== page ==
Lake was among six low-performing Denver schools targeted with federally defined turnaround strategies in an effort to secure grant dollars to help the district fund the reforms.
“It’s difficult for us to factor in the turnaround funds that we may or may not get,” Jimenez said. “It would be prudent that we would look at that budget without that.”
Jimenez said he also believes it’s important that the public know how newly elected board members feel about the Lake plan, which drew the most heat of any of the proposals.
While Merida was sworn in early, the other two board members – Nate Easley and Mary Seawell – waited until after the Nov. 30 meeting, as scheduled, to take their oaths of office.
If either votes to reverse the Lake plan, Jimenez’ motion likely would be successful.
Delay sought for West Denver Prep decision
Jimenez said at the Nov. 30 meeting that he expected to ask the new board to reverse the Lake vote but his request on Monday seemed to surprise other board members. It is unusual for the DPS board to consider reversing a vote.
Merida clearly agreed with Jimenez’ motion, saying she also had unanswered questions about special needs students. DPS leaders say the three center programs would remain at Lake but have provided less detail about which school – the new Lake or West Denver Prep – would be responsible for them.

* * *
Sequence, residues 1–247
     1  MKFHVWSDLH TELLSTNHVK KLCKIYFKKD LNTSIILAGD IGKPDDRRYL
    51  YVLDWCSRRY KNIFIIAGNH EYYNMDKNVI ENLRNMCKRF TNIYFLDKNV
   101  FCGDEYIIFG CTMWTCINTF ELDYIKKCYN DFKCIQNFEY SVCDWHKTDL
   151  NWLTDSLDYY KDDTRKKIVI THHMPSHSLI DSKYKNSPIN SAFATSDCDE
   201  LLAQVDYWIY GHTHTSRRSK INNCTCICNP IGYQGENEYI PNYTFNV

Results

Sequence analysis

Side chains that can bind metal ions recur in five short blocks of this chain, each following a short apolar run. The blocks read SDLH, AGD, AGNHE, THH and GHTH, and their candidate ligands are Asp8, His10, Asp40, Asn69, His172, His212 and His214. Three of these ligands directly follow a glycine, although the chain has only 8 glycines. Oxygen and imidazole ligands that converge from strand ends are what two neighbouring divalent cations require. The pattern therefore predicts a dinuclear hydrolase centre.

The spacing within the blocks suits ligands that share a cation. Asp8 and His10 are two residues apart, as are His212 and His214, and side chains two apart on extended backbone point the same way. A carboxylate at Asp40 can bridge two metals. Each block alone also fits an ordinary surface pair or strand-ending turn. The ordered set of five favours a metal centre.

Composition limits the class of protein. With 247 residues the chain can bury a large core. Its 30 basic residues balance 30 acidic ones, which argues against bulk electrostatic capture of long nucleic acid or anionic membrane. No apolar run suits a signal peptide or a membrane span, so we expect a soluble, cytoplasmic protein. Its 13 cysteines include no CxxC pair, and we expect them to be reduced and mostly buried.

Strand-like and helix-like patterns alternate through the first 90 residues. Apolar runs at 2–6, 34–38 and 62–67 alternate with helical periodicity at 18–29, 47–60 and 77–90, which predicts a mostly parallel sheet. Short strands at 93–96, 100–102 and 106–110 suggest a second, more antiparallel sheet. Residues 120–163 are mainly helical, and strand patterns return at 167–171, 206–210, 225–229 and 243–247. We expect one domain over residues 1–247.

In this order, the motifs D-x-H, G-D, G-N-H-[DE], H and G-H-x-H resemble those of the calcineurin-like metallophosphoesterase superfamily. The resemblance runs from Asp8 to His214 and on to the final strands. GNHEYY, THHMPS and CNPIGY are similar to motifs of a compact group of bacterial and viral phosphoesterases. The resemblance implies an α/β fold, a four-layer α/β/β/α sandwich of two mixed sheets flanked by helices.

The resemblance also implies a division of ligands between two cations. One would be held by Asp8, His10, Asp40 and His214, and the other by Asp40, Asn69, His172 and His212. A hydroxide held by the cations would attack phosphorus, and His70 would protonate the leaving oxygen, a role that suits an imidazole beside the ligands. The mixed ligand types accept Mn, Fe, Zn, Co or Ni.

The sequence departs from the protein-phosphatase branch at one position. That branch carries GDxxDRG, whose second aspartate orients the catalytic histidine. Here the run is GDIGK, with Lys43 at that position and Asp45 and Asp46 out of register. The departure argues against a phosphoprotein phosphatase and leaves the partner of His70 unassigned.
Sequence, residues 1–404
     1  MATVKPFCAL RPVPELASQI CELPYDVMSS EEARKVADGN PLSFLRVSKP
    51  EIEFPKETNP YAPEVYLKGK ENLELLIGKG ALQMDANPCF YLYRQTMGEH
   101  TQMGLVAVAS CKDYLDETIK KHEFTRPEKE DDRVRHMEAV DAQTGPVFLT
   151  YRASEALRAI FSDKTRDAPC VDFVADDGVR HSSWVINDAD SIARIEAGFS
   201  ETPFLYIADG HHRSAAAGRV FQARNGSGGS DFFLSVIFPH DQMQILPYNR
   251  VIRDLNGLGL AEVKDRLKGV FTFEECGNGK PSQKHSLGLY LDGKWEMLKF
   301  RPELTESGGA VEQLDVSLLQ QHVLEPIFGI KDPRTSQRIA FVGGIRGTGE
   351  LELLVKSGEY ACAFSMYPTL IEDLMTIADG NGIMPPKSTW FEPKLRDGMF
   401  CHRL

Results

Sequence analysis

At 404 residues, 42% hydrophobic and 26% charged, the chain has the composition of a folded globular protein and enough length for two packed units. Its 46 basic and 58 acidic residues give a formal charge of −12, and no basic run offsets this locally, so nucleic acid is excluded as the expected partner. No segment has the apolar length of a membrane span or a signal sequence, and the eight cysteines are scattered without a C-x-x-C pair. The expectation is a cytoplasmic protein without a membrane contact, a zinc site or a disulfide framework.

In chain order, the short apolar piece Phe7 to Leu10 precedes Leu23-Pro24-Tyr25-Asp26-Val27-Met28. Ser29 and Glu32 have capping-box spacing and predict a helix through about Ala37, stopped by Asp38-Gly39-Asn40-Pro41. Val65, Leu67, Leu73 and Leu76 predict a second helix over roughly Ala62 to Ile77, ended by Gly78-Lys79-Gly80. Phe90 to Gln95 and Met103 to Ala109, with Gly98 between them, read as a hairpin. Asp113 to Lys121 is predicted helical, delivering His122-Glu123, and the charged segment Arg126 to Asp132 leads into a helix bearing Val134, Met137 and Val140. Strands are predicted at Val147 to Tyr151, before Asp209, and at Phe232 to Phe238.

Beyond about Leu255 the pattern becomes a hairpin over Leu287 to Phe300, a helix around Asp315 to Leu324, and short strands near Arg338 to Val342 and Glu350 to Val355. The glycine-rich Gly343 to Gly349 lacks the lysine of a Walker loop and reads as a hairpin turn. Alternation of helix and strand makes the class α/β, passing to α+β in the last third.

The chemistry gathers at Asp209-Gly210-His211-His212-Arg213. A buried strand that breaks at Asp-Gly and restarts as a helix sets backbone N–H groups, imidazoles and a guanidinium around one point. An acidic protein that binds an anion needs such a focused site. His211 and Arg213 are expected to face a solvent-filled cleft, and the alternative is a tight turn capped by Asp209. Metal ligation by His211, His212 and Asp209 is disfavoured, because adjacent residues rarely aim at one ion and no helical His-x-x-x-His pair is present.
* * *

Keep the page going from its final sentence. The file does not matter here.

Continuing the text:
And board member Theresa Peña asked several questions to pinpoint the exact nature of Jimenez’ request. Other board members said little.
“Ok, my request would be that if you have any specific questions to get them to the superintendent as soon as possible,” said Easley, the board’s president.
In a related move, Easley said he would place a motion on Thursday’s agenda to extend the 30-day period the board gave itself on Nov. 30 to decide the location of a second West Denver Prep campus slated for northwest Denver.
“My understanding is the board is not going to be ready to make that decision” this week, he said, so the board vote on the campus would be delayed until January.